A new low-dose combination oral contraceptive is effective, safe and acceptable to women, according to a study of 326 women recruited from six centers in the United States.1 Women's pregnancy rates and levels of intermenstrual bleeding with the new pill are comparable to those of women who use other low-dose combination pills.
Yasmin, the new contraceptive, contains 3 mg of a new synthetic progestogen called drospirenone and 30 mcg of ethinyl estradiol. Drospirenone was developed to provide an alternative for women who sometimes experience adverse effects with current oral contraceptives--principally, thrombosis, hypertension, weight gain, breast pain and acne. Like progesterone (but unlike other synthetic progestogens), drospirenone promotes the excretion of sodium and water, and therefore may reduce water retention symptoms. In addition, because it is antiandrogenic, it may help prevent users from developing acne.
Researchers recruited 18-35-year-old women from six centers in the United States for their study of the new pill. Women were eligible to participate if they were within 25% of ideal body weight, at risk of becoming pregnant and willing to use an oral contraceptive for at least 13 menstrual cycles. Women were excluded from the research if they smoked more than 10 cigarettes a day; were older than 30 and smoked; had used injectable hormones within the previous three months or a contraceptive implant within the previous six months; or had diabetes, high blood pressure or other conditions that are contraindications for oral contraceptive use. The analyses are based on 326 women, the majority of whom were white. The mean age of the participants was 26; 54% had used the pill prior to participating in the study.
The women received packages containing 28 pills and were instructed in their use. They returned to the centers for office visits at the end of cycles one, three, six, nine and 13; three months after cycle 13; and one year after the completion of the study. Women responded to a questionnaire about menstrual symptoms (including impaired concentration, water retention, mood changes, increased appetite, feelings of well-being and undesirable hair change) upon enrolling in the study and at the end of cycle six. The questionnaire asked about symptoms during the four-day period prior to menstruation, throughout menstruation and during the remainder of the cycle.
Study participants were given complete physical and gynecologic examinations upon enrolling in the study and at the end of cycles six and 13. Women's body weight and blood pressure were measured at each visit to the center.
Sixty-seven percent of the sample completed all 13 cycles, and 73% missed no pills during the study period. Only one woman became pregnant, yielding a rate of effectiveness (0.5 pregnancies per 100 woman-years of use) similar to that associated with other low-dose pills.
More than half (54%) of the women reported no intermenstrual bleeding, and 30% reported intermenstrual bleeding during only one or two pill cycles. Intermenstrual bleeding was most common during the first pill cycle. Breakthrough bleeding with spotting occurred among 1-5% of all participants per cycle and among 19% of participants during at least one cycle. Breakthrough bleeding alone occurred among no more than 2% of all women per cycle and among 2% of women during at least one cycle. Thirty percent of women experienced spotting alone during at least once cycle; the proportion ranged from 5% to 20% per cycle. Five percent of women experienced amenorrhea at the end of the first cycle. After cycle one, amenorrhea occurred for 1-5% of women per cycle and for 21% of women in at least one cycle. These levels of breakthrough bleeding, spotting and amenorrhea are similar to those reported in studies of other low-dose oral contraceptives.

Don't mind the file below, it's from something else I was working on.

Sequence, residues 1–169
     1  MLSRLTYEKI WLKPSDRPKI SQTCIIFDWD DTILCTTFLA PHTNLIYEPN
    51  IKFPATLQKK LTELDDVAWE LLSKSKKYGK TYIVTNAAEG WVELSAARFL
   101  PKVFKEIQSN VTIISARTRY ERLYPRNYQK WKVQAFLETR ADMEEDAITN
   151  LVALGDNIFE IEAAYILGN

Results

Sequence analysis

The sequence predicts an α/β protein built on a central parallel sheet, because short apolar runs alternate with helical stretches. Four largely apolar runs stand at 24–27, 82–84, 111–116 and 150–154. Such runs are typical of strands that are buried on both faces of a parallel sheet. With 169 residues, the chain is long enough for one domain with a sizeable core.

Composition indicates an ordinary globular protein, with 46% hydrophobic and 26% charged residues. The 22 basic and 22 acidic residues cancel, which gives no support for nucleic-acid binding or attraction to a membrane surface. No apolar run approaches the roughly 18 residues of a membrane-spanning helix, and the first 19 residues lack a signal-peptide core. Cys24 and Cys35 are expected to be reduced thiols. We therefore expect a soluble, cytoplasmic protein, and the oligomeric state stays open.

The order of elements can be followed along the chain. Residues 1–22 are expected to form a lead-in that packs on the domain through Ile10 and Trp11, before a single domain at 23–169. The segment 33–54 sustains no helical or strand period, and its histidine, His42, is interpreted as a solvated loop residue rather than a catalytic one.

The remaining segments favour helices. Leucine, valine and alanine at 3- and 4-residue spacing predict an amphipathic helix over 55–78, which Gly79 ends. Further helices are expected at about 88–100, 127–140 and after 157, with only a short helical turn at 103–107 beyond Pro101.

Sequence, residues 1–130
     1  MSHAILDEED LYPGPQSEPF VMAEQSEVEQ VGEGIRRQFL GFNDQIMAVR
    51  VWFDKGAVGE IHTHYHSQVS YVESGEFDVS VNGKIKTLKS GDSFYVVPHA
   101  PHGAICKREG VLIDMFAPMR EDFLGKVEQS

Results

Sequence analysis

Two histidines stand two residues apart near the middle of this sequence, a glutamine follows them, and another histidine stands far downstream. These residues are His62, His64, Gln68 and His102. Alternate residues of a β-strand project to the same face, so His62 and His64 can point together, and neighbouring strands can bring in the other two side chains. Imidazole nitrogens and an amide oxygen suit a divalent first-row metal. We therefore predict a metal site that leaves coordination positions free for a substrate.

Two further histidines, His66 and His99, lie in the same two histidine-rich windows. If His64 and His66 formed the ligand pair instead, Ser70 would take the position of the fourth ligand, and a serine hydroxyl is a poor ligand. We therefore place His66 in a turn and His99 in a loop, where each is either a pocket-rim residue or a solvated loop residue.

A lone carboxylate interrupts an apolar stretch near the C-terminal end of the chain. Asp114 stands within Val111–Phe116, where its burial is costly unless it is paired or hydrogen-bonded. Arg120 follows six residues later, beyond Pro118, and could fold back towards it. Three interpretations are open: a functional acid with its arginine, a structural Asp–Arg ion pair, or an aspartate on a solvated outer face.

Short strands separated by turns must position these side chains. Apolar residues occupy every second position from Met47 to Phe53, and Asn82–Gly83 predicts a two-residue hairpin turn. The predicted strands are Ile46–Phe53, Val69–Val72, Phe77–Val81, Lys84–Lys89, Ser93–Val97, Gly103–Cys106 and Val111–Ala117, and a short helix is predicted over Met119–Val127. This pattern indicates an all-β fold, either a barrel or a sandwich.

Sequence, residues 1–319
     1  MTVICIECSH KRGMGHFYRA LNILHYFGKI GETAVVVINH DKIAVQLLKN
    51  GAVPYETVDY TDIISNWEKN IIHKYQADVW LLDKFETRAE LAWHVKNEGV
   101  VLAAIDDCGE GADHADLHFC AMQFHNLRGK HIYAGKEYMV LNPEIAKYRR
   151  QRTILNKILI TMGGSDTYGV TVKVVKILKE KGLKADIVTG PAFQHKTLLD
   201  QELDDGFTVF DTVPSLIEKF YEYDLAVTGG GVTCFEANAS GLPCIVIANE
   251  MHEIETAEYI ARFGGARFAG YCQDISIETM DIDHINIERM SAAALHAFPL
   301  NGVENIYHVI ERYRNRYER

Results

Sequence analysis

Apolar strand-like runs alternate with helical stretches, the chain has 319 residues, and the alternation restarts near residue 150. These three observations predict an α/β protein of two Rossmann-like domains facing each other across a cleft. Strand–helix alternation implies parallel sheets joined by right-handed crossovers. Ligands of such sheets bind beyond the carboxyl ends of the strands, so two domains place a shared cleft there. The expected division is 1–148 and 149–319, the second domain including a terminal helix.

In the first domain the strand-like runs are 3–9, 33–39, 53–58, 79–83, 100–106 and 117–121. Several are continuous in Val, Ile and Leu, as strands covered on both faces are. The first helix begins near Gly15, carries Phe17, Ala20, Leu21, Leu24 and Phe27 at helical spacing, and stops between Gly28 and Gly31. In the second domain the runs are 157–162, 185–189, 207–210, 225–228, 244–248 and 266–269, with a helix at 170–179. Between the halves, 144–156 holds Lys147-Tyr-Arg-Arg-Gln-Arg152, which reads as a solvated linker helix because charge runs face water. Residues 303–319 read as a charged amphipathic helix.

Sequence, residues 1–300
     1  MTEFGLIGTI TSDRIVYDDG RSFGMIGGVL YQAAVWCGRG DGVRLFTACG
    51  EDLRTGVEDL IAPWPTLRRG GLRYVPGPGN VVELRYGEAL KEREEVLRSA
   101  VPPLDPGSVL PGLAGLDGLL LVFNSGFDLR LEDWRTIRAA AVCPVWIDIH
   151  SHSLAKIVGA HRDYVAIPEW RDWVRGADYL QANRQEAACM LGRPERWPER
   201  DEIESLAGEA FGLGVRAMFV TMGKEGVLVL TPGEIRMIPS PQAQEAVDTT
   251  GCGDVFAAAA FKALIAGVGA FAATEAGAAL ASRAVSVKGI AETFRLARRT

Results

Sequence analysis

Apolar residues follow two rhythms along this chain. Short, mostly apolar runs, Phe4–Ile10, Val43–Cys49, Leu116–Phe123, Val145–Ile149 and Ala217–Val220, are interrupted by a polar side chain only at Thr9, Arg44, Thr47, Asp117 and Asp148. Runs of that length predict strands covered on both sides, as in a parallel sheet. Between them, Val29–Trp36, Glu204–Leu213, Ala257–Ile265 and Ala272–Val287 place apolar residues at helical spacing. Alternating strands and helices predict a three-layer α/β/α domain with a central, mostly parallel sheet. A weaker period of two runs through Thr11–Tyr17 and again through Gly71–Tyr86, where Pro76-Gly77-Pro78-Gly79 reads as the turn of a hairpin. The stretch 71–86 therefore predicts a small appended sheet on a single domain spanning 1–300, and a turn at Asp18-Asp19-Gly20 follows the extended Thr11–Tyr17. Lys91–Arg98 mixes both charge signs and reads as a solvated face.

Women were significantly less likely to report mood changes and water retention in all three menstrual phases after cycle six than they were upon enrollment in the study. For the premenstrual and menstrual phases, women were significantly less likely to report an increased appetite after cycle six than they were at the beginning of the study. There were no significant changes during any menstrual phase in women's reports of impaired concentration, hair change or feelings of well-being.
Seventy-one percent of the women reported at least one adverse effect during the study. Five percent of the sample experienced headaches, and 9% said they experienced breast pain. Six percent discontinued use of the contraceptive, primarily because of uncontrollable mood, headache, nausea, dysmenorrhea, intermenstrual bleeding or depression; fewer than 2% cited each of these effects as their reason for discontinuing. No women reported experiencing serious side effects related to contraceptive use.
Weight loss was statistically significant at cycle six, and weight gain was significant at cycle 13. There was no significant change in the women's blood pressure or the results of their blood tests or urinalysis. In addition, women's cholesterol, triglyceride and lipoprotein levels remained normal.
The researchers conclude that the new pill, with its combination of drospirenone and ethinyl estradiol, is "effective, safe, and well tolerated" by women and that it "may decrease the severity of some menstrually related symptoms."--B. Brown
1. Parsey KS and Pong A, An open-label, multicenter study to evaluate Yasmin, a low-dose combination oral contraceptive containing drospirenone, a new progestogen, Contraception, 2000, 61(2):105-111.